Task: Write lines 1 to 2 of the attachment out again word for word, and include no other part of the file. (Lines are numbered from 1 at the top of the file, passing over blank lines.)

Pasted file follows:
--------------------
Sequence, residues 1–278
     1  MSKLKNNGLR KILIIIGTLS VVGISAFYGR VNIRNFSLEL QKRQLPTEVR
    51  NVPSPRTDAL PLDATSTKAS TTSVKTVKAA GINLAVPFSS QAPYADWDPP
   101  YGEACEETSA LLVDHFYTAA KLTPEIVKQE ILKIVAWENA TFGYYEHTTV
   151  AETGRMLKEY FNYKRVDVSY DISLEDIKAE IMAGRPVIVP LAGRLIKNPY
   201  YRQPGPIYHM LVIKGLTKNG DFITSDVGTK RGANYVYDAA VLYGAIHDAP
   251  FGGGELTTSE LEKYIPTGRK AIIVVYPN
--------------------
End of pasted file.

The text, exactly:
Sequence, residues 1–278
     1  MSKLKNNGLR KILIIIGTLS VVGISAFYGR VNIRNFSLEL QKRQLPTEVR